Mixed Reality (MR) is an overlay of synthetic content anchored to and interacting with real-world objects in real-time. Said Ouellet, “When implemented well, MR should be a perfect union of digital and physical content interacting seamlessly.”
Ouellet also said there are three distinct types, or flavors, of AR. The one most people are familiar with is Video See-Through (VST) technology, which allows the user to view through a tablet or phone screen. One example is the World Lens app, where the user holds up their phone and it translates signs and language.
The second type of AR is lens-based applications that employ Obstacle See-Through (OST) technology, such as the Microsoft HoloLens. Ouellet said in this technology, “AR information is projected in the lens and your brain puts two and two together and stitches it together to create an augmented view of reality.”
Thirdly is Projection AR, where a projected image creates a direct overlay onto a specially designed work surface. “A projection-based augmented reality system,” said Ouellet, “can provide user instructions or assistance in a variety of media. Projection AR reduces or eliminates the need for computer monitors and screens as the instructions appear directly in the task space. It can be useful for assembly, disassembly, inspections, kitting, tool changeovers, training, and more.”
Ouellet said that AR is an immature market, and “future AR deployment will be driven primarily by industrial applications because that’s where the biggest bang for the buck lies.”
Even as a developing market, however, the value proposition of AR is delivering substantial productivity gains to human labor – as much as 30% to 60% depending on the application.
One long-form study at Iowa State University found that AR made training faster for complex tasks, and “virtually eliminated human error in those processes,” said Ouellet.
He also cited a study at Lockheed, where AR was adopted as a guidance and instruction tool to attach fasteners to spacecraft and resulted in an 85% reduction in overall training time, a 90+% reduction in the time that it took front-line workers to comprehend tasks, and a 40% increase in overall productivity. “In the end,” said Ouellet, “Lockheed concluded that they saved $38 per fastener in a program that buys over 2 million fasteners every year; that’s a staggering value proposition.”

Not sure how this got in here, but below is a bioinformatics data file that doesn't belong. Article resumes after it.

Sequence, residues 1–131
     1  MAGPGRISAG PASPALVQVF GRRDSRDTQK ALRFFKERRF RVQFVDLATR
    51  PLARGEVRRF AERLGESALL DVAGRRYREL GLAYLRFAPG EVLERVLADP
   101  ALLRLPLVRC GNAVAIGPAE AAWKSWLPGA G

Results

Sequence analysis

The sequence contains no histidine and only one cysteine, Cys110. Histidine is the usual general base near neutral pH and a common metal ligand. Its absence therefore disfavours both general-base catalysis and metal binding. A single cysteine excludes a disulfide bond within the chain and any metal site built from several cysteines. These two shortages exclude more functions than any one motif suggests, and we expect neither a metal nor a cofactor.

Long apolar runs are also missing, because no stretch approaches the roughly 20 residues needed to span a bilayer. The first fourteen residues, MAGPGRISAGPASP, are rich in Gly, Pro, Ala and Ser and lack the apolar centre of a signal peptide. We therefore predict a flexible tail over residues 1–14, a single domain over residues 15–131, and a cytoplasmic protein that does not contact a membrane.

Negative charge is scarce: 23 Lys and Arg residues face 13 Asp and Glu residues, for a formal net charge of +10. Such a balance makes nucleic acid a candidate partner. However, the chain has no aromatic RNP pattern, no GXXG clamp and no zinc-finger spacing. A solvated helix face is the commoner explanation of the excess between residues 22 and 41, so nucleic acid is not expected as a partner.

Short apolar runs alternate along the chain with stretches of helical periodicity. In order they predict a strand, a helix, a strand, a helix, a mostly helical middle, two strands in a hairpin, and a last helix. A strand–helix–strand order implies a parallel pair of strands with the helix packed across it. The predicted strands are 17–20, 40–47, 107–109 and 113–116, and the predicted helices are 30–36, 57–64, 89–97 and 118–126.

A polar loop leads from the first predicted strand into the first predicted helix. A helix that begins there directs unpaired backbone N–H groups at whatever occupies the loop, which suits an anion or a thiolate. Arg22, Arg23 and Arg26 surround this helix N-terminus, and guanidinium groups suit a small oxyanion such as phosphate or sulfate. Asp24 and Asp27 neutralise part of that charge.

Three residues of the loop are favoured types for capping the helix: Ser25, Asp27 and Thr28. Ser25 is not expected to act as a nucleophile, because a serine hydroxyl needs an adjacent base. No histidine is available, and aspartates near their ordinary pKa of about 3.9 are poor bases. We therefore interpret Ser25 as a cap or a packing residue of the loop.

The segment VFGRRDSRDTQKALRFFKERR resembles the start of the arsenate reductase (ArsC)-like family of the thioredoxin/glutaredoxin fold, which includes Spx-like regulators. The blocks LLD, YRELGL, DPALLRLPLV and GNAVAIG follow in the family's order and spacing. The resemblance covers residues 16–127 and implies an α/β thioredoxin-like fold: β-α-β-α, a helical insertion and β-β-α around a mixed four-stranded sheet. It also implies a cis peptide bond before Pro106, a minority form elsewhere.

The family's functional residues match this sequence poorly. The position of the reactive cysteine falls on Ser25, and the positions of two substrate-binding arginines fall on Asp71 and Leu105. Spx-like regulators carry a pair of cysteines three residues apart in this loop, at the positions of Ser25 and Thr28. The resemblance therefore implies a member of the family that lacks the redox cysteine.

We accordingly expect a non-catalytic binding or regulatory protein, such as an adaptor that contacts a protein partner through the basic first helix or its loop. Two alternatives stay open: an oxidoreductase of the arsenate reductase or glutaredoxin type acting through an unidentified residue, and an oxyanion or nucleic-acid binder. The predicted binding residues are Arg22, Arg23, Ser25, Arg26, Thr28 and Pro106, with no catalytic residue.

AR does come with deployment challenges, and Ouellet said, “I think it’s safe to say the majority of producers today would struggle with a do-it-yourself AR approach.” Infrastructure issues such as Wi-Fi and access to devices, good 3D data, and building out the AR experience in a way that is appealing to the user are some of the challenges mentioned by Ouellet.
Here are a few current use cases for augmented reality mentioned by Ouellet:
• AR for remote service
• Virtual Factory Acceptance Tests (vFATs)
• AR training solutions
• Service work instructions
• IoT service diagnostics
Ouellet sees a big picture payoff for AR in the area of predictive maintenance, and points to industries who are already using this technology, such as jet engines. “To accomplish this,” he said, “we’ll aggregate massive volumes of IoT data into cloud-based databases; that will enable us to benchmark any individual machine’s performance against the entire data-set, a useful analysis in its own, but it also means the data can be mined using a combination of machine learning and artificial intelligence to develop the predictive algorithms that will minimize unplanned machine downtime.”
Check out the many packaging and automation technologies featured by Harpak-Ulma at their PACK EXPO Connects Virtual Showroom, found at PE.show/190.
Collaborating on the cloud
Esko is a graphic arts company out of Belgium that has long been at the cutting edge of prepress software and hardware used in the production of packaging. One of the things they featured at PACK EXPO Connects was WebCenter (6), a secure, cloud-based packaging management and collaboration platform. WebCenter manages all aspects of preproduction specification, approval, and project lifecycle to remove the bottlenecks that are most associated with the packaging design-to-production process.